Zeus (Trojan horse)
Zeus is a Trojan horse that steals banking information by Man-in-the-browser keystroke logging and Form Grabbing. Zeus is spread mainly through drive-by downloads and phishing schemes. First identified in July 2007 when it was used to steal information from the United States Department of Transportation, it became more widespread in March 2009. In June 2009, security company Prevx discovered that Zeus had compromised over 74,000 FTP accounts on websites of such companies as the Bank of America, NASA, Monster.com, ABC, Oracle, Play.com, Cisco, Amazon, and BusinessWeek.
The various Zeus' botnets are estimated to include millions of compromised computers (around 3.6 million in the United States). As of October 28, 2009 over 1.5 million phishing messages were sent on Facebook with the purpose of spreading the Zeus' trojan. On November 3, 2009 a British couple was arrested for allegedly using Zeus to steal personal data. From November 14–15, 2009 Zeus spread via e-mails purporting to be from Verizon Wireless. A total of nine million of these phishing e-mails were sent.
In 2010 there were reports of various attacks, among which one, in July, disclosed by security firm Trusteer, indicating that the credit cards of more than 15 unnamed US banks were compromised.
On October 1, 2010, FBI announced it had discovered a major international cyber crime network which had used Zeus to hack into US computers and steal around $70m. More than 90 suspected members of the ring were arrested in the US, and arrests were also made in the UK and Ukraine.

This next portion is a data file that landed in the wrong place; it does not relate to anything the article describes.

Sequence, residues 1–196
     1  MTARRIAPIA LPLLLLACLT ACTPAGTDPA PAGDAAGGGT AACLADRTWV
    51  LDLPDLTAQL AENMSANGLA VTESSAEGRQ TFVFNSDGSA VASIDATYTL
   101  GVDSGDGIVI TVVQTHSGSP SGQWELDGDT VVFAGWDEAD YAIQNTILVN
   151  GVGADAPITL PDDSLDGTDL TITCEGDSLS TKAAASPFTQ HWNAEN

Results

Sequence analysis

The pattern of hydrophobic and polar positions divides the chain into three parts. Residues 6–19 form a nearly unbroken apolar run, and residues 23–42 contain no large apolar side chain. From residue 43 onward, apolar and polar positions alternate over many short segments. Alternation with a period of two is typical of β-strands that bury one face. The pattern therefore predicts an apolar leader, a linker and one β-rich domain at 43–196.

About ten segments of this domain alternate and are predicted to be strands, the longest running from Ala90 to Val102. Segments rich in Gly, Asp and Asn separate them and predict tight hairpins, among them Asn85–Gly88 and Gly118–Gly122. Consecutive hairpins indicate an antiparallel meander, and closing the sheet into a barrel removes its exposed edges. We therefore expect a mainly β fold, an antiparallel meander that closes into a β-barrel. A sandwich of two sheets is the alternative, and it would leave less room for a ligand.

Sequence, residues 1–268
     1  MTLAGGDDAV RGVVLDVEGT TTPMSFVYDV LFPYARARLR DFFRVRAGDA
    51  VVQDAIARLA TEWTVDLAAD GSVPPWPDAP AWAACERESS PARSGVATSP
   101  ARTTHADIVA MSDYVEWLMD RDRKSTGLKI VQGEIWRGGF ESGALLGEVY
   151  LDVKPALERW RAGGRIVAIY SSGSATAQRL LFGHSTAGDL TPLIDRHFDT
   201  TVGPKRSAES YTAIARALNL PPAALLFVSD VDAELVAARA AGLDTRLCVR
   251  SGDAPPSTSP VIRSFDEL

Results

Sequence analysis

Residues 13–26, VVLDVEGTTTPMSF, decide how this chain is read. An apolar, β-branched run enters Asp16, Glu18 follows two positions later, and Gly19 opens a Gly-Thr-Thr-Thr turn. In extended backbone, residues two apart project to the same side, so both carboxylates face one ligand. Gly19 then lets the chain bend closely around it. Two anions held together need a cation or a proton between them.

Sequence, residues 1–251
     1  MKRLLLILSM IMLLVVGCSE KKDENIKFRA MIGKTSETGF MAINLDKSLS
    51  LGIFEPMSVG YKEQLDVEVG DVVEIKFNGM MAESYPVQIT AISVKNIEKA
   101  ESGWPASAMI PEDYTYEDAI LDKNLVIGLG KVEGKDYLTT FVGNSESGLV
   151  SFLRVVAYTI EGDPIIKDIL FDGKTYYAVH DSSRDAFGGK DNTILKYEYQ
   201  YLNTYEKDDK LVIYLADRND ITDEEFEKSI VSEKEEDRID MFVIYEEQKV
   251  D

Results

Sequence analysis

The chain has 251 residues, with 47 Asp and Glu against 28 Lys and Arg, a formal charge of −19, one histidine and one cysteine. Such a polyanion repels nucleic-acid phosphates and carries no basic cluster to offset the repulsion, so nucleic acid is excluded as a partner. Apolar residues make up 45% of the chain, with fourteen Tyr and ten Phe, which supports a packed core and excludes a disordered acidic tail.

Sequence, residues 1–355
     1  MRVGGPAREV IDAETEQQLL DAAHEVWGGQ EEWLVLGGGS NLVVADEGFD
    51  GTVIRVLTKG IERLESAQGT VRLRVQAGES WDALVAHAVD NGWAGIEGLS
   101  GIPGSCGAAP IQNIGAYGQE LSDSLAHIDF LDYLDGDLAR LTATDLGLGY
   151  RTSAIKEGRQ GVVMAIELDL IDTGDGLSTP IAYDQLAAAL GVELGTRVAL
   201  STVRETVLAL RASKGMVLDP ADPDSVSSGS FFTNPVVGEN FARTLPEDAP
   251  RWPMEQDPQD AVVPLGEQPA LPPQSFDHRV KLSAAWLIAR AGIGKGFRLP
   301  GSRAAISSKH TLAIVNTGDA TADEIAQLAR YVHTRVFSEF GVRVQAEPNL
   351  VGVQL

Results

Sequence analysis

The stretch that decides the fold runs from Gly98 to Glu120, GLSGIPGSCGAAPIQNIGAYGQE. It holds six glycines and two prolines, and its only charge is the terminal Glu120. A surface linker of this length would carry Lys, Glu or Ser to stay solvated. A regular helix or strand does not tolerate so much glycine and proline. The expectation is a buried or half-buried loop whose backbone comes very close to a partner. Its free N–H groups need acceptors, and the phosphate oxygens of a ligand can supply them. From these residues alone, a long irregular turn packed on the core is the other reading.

In May 2011, the then-current version of Zeus's source code was leaked   and in October the abuse.ch blog reported about a new custom build of the trojan that relies on more sophisticated peer-to-peer capabilities. 
The Zeus Trojan-controlled machines are in 196 countries, including isolated states such as North Korea. The five countries with the most significant instances of infected machines are Egypt, the United States, Mexico, Saudi Arabia, and Turkey. Altogether, 2,411 companies and organizations are said to have been affected by the criminal operations running the botnet.
Targeted Operating Systems 
Zeus targets Microsoft Windows machines. It does not work on Mac OS X, or Linux.
Targeted information 
Every criminal can control which information they are interested in and fine tune the copy of Zeus to only steal those. Examples include login credentials for online social networks, e-mail accounts, online banking or other online financial services. The top sites with stolen login credentials, according to Netwitness' report are Facebook, Yahoo, Hi5, Metroflog, Sonico and Netlog.